American Heritage - Prolapse

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American Heritage - Prolapse

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Wow, this was one of the hardest albums to review in quite some time. This is American Heritage's new album and it's the final one as well. Apparently guitarist/vocalist Adam Norden disbanded American Heritage after the recordings of this album. I haven't heard the previous album 'Sedentary' (or any others for that matter) so I have not much to compare it to. Will the loss of American Heritage be a big shame or not? Only one way to tell.

 

First of all, I have to say that it was very difficult to get a sense of direction with this album. American Heritage take influences from lots of different genres. Hardcore, mathcore, crustpunk, progressive metal, noiserock, technical metal, sludge.. it's all there. But while a lot of bands take all of these influences and melt them into a 'new' sound, the individual songs on 'Prolapse' sound so different from one another that it almost seams like a different band for each song. That also means that it makes for a very schizofrenic listening experience. Some of the tracks have a huge appeal to me, like opening track 'Eastward Cast the Entrails' and the awesome 'Mask of Lies' but others leave me absolutely cold, like 'Anxious Bedwetter' and 'Constant and Consuming Fear of Death and Dying'. Combine that with a couple of 'okay-not-great' tracks and you could say that for me it became very much a 'hits and misses' album.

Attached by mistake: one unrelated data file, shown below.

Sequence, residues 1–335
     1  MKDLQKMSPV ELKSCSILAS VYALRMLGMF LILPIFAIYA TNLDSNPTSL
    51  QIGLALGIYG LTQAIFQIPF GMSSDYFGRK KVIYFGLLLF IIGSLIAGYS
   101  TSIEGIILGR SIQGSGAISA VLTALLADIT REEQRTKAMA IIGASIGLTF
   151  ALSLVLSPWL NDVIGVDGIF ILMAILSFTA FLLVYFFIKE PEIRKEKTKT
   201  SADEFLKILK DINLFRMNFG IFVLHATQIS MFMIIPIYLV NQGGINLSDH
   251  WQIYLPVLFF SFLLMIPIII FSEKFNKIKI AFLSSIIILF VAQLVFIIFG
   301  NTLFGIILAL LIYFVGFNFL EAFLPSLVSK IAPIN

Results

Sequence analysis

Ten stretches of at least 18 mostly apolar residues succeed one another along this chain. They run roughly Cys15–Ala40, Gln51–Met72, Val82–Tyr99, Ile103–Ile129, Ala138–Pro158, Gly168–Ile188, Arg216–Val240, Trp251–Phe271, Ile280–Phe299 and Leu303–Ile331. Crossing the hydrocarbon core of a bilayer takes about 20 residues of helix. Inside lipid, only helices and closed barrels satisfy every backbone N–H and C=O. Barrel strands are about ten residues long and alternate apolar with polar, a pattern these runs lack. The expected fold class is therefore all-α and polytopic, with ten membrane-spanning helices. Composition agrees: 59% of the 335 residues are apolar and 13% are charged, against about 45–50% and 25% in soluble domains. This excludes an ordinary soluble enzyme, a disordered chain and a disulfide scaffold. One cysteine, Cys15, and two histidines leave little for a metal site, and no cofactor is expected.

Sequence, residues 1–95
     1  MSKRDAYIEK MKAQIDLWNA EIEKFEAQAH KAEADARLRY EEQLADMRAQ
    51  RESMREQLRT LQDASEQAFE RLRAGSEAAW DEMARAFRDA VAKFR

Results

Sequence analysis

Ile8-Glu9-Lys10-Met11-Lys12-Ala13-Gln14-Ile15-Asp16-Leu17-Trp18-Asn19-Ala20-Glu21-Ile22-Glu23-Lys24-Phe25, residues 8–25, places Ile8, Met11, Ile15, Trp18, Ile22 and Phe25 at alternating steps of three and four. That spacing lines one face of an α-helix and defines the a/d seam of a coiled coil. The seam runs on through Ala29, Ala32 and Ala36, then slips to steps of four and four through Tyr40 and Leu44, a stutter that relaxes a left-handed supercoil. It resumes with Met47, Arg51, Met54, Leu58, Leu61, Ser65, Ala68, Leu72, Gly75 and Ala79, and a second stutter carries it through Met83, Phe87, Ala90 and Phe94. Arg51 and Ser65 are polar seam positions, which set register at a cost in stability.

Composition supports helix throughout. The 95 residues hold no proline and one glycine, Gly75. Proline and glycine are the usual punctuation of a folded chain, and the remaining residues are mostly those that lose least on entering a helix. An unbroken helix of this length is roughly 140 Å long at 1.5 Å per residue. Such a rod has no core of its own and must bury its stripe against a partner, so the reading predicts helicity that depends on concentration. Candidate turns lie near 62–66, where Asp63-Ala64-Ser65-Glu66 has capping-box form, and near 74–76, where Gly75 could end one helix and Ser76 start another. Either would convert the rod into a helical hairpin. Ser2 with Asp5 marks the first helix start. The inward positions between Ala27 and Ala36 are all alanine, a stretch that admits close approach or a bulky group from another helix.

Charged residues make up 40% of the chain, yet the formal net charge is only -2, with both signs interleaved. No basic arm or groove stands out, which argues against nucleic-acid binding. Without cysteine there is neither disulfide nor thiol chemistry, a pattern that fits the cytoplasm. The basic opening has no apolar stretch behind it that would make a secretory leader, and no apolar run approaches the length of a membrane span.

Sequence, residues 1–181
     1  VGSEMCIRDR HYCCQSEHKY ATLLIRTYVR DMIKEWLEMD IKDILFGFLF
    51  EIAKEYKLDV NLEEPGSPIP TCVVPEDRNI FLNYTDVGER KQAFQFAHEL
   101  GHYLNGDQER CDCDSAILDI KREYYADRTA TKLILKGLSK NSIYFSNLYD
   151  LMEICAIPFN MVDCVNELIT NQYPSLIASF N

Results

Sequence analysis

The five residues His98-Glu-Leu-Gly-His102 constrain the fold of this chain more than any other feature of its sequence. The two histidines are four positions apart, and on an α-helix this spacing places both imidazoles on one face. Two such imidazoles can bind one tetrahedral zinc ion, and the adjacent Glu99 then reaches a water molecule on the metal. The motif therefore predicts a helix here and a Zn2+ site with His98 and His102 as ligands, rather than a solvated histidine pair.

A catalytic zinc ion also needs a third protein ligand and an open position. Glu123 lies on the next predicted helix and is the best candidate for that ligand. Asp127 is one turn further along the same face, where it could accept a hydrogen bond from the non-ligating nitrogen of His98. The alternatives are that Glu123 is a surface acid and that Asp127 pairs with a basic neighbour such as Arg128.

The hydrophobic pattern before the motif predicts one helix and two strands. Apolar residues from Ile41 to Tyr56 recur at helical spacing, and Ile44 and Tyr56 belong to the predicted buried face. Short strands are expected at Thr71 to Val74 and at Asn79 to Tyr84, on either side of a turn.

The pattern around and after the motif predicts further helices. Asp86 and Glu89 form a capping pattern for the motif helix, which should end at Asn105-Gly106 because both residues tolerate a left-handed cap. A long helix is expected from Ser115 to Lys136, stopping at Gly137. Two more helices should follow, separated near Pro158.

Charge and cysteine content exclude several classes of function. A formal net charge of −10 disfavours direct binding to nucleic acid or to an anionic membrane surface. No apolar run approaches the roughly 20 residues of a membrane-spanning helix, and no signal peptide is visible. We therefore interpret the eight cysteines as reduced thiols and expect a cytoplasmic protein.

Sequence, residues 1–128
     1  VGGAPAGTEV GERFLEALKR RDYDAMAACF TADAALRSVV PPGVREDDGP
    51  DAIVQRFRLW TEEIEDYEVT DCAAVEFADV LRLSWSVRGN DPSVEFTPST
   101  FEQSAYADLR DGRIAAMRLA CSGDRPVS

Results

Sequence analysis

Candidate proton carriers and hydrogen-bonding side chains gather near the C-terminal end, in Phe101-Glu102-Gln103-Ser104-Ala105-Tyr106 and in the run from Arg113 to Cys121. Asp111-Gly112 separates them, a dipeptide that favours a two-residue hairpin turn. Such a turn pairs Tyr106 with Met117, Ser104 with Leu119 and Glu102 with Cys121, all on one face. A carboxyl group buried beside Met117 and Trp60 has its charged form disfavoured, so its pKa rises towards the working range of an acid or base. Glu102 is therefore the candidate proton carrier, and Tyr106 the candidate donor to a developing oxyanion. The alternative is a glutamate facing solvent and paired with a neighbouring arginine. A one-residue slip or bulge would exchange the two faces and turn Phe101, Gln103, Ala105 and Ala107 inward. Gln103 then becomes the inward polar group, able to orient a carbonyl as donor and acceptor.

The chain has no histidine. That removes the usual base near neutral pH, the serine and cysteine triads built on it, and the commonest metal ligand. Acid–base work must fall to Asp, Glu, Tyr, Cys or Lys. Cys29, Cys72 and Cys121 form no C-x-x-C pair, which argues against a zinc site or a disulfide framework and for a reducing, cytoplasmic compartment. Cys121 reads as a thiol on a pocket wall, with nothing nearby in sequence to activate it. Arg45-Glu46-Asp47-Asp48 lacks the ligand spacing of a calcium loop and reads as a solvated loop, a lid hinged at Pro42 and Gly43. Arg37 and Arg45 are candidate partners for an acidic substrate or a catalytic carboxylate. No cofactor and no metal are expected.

Productionwise there is absolutely nothing wrong with this album. Sanford Parker (of Buried At Sea, Twilight, Minsk and a truckload of recording jobs) made sure this albums sounds exactly like it should, capturing the raw ferocity of hardcore and the subtlety of progressive metal. I like the guitarsound in particular a lot, it has a nice "crunch" to it. The same goes for the rest of the instruments and the vocals. All of it sounds raw and furious and crisp and clear at the same time. Good job there Sanford!

 

The album closes with three cover songs: 'Hürtin' Crüe' (Descendents), 'Thirsty and Miserable' (Black Flag) and 'Bulletproof Cupid' (Girls Against Boys) and all of them have a very appropriate sound, matching the feel of the period of the originals. They're played pretty much as straight covers which somehow feels like a slight dissapoinment. I would've like to have heard more of the brutal rawness of the 'Mask of Lies' track in them.

 

In all fairness, it might just be that this just went over my head a bit and hardcore fans will freak out over this. The couple of tracks that I enjoyed, and I enjoyed them a LOT, were far to brief and scattered to make this something I will continue to listen to. However if, let's call it, 'progressive hardcore' sounds appealing to you, by all means give this a go. Just remember that if you found your new favourite band, well, you can only go backward in their catalogue...